These are incorrectly identified as chile relleno, but there are no stuffed chiles. Instead, vegetables like green beans, güisquiles and pacayas (edible inflorescence of the pacaya palm) are wrapped in an egg batter. Pacayas are available at most stands and are served with a choice of frijoles molidos (ground and refried beans aka frijoles volteados) or frijoles colados (stewed whole beans) and white rice, macaroni salad and chao mein, a Chapin-ized version of lo mein.
There’s something for everyone here: grilled steak, pork ribs, chicken, chitterlings and Guatemalan-style longaniza, cooked over charcoal and served with a choice of beans and white rice, macaroni salad or chao mein. Find the shopping cart churrasquitos on the northeast corner of Bonnie Brae and 6th St, just follow the smoke.
Small fried corn tortillas are topped with ground meat and finished with tomato sauce and served with pickled cabbage. These come with four to six garnachas in an order to share with friends if planning a food crawl here.
Pollo y papas fritas
This will be an unexpected surprise of the evening, a plate of fried chicken and French fries cooked in oil seasoned with a mix of paprika and other spices (it also could be Lawry’s) and dressed with squiggly patterns of mayonnaise, ketchup, and picante, a mild green hot sauce. Perhaps it’s the blending of picante with the sweet ketchup and added fat from the mayo that creates a magical flavor with the seasoned chicken and fries, but get this dish. There’s a Guatemalan man north of Bonnie Brae just past the first tree that is constantly making fresh batches of fries and chicken due to his demand — go there. It’s the best meal for $5 or under anywhere in LA.
The typical plates in Guatemalan cuisine are called recados, what Mexicans refer to as guisados, and the offerings are constantly changing given the day of the week and the casual manner in which vendors come and go. For $5, get a full meal with tortillas, frijoles colados or molidos (volteados), a choice of macaroni salad (yes please), white rice or chao mein (pronounced cho-meem) and the recados of the day. These are some of the selections from a few of the vendors.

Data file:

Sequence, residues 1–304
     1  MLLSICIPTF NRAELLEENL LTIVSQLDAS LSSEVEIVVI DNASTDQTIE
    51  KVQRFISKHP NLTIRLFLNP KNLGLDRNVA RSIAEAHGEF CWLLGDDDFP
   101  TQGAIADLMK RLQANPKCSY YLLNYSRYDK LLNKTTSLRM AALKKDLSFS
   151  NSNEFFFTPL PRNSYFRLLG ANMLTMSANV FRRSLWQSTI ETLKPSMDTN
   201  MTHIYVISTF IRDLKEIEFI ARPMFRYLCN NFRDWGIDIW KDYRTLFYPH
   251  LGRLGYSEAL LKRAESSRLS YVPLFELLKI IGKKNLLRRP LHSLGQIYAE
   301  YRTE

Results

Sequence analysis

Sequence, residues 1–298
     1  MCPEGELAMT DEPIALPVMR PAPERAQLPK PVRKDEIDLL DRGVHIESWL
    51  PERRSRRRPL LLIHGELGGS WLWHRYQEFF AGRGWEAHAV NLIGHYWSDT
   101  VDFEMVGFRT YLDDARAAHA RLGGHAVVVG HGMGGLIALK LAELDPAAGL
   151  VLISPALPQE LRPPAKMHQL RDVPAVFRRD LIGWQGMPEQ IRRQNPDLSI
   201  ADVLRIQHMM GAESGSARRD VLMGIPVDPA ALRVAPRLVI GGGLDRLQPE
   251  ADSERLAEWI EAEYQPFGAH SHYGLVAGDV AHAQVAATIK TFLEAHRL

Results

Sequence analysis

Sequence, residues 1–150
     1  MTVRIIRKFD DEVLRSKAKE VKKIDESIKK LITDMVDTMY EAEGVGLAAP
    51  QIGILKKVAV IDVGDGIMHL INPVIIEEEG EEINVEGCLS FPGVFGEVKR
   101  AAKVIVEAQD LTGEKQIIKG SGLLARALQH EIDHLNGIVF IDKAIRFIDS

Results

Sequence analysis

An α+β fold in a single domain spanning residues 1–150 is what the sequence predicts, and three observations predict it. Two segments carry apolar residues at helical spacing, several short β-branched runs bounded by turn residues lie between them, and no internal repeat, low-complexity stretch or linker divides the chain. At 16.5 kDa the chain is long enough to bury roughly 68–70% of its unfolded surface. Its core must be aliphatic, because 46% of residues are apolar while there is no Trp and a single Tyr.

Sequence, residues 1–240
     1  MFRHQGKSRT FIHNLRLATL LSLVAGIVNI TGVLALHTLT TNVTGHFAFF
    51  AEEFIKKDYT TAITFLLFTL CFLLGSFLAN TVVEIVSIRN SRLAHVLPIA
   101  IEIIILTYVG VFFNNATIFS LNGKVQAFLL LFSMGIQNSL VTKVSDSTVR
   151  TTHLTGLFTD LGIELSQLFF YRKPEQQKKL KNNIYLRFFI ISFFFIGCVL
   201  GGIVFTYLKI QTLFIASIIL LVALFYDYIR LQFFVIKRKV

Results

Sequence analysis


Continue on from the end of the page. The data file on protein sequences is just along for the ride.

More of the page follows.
Frijoles blancos con carne: A delicious stew of slow cooked white beans with beef.
Hilachas: One of Guatemalas most famous dishes comes from Salamá, which consists of shredded beef, potatoes, green beans and carrots stewed with tomatoes and mild dried chiles.
Huevos en salsa: Egg lovers rejoice. Who doesn't want hard boiled eggs in a tangy red sauce?
Pepian: Pepianes are regional dishes made with pumpkin seeds — similar to Mexican pipian — mild chiles that vary in their preparations and ingredients. Red pepian is the most typical in LA, and like Mexican mole, get this with white rice and tortillas to eat the pepian; there’s a piece of boiled chicken with the meal, that’s also for enjoying the pepian.
Chuchitos: Called “little dogs”, these tamales are steamed and wrapped in corn husks, mostly filled with chicken on the streets of Westlake. Have them toasted over charcoal for a little smoke.
Paches: A regional tamal from Quetzaltenango traditionally wrapped in banana leaves and hojas de maxán (calathea leaves) made with potatoes colored with achiote and dried mild chiles guaques and pasas instead of corn masa and filled with chicken. Here in Westlake, they will just be wrapped in banana leaves and are boiled instead of steamed.
Tamal de arroz: Rice tamales are also boiled tamales and here they are filled with stewed chicken.
Tostadas are the dominant street food item in Guatemala. They’re Guatemala’s answer to Mexico’s taco, where a variety of spreads like guacamol (avocado bread), pasta de pollo (chicken spread), picadillo de carne (ground beef and vegetables), ensalada rusa (potato salad), carne molida (ground beef) frijol (black bean spread) and more bread atop a thin, warped tostada. On Bonnie Brae they serve pasta de pollo, guacamol, and picadillo consistently.
Enchiladas: The enchilada is the mother of all tostadas stacked with ground meat, lettuce, a salad of pickled beets and cabbage, chopped cilantro, tomato sauce, dried cheese and hard boiled eggs. The vendors on Bonnie Brae omit the hard boiled egg but it’s easy to get one in the area of the churrasquitos to add to a heaping tostada.
Guatemalan Night Market, around the intersection of Bonnie Brae and 6th in the Westlake neighborhood of Los Angeles, runs 7 days a week after 5 p.m..